It is impossible to increase the ability of the police to reduce violent crime unless police-community relations are substantially improved in minority areas. These relationships have been getting increasingly worse because of the rising demands of minority groups, frequent physical & verbal abuse committed by police officers against citizens, & other police activity on the streets. Recent changes in police dept's to make them more professional have often further harmed police-minority relations, & the reforms being adopted in police dept's to improve these relationships have generally not been effective. Substantial improvement in police-minority relations requires that the police & public radically change their concept of what police work is about. Police officers must be seen as one of many diff groups in our society dealing with human problems & serving the public, such as teachers, gang workers, & correctional officers. Such a change will require that police personnel & policies be substantially changed. HA.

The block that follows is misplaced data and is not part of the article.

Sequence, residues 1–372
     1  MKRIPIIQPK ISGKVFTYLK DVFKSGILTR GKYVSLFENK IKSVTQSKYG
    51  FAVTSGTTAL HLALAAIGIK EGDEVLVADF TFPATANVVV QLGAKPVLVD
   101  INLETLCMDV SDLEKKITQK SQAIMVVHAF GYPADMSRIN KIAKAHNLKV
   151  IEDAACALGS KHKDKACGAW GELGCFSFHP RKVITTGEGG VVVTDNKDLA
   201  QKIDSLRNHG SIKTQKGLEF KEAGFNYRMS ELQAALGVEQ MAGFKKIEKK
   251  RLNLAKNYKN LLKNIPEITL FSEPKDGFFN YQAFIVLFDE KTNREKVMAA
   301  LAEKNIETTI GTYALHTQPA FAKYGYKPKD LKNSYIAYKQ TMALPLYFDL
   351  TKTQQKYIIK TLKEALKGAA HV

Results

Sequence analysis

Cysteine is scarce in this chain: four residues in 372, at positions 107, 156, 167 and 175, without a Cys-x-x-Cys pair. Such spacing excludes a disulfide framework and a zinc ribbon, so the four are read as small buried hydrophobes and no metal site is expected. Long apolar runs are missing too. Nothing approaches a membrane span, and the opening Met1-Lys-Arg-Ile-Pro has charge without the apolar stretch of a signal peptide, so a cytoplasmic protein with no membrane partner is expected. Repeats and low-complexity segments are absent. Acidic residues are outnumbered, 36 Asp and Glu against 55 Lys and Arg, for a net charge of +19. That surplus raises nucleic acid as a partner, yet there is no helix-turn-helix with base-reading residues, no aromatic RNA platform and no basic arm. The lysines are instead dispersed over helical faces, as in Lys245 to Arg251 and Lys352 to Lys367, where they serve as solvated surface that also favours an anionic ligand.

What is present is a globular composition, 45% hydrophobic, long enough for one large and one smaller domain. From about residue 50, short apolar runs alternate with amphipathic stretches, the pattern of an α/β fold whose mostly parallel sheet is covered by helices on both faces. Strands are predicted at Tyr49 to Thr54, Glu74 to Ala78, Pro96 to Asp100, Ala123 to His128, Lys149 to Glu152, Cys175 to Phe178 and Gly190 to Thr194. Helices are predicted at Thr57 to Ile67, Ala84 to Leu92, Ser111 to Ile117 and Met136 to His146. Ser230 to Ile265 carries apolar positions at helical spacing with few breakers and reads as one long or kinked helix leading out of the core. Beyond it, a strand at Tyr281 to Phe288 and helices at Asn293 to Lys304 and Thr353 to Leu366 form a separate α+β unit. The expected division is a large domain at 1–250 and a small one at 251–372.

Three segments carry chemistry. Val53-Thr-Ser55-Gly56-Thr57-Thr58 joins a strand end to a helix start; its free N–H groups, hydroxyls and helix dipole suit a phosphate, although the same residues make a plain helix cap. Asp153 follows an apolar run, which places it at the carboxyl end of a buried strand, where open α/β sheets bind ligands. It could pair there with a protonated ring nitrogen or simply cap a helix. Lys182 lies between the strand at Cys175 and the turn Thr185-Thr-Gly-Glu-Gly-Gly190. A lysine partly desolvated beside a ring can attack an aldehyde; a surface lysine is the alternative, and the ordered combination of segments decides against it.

Discussions of popular culture commonly suggest that the imputed poor quality of such material is due to the application of mass production techniques to the creative process. However, while mass production technologies are widely employed in the reproduction & dissemination of artistic products, the actual act of creation may still be performed in traditional ways. DofL is widespread in popular culture agencies, but may not affect the creative process. Large, bur'tic org's do not necessarily stifle creativity, & are indeed characteristic of theatre, ballet & musical performance. Popular artists are not necessarily alienated from their work. They may internalize the norms of the producing agency, or be effectively insulated from other reference groups. Specialized marketing operations allow scope for the development of specialized & quasi- professional skills. Alienation may be a graver problem for the more `serious' creative or performing artist, since direct contact with the audience is being rendered progressively harder by the rise of middlemen. Greater attention needs to be paid to the relationships between product quality, org of production, creative activity & the artist's att's. AA.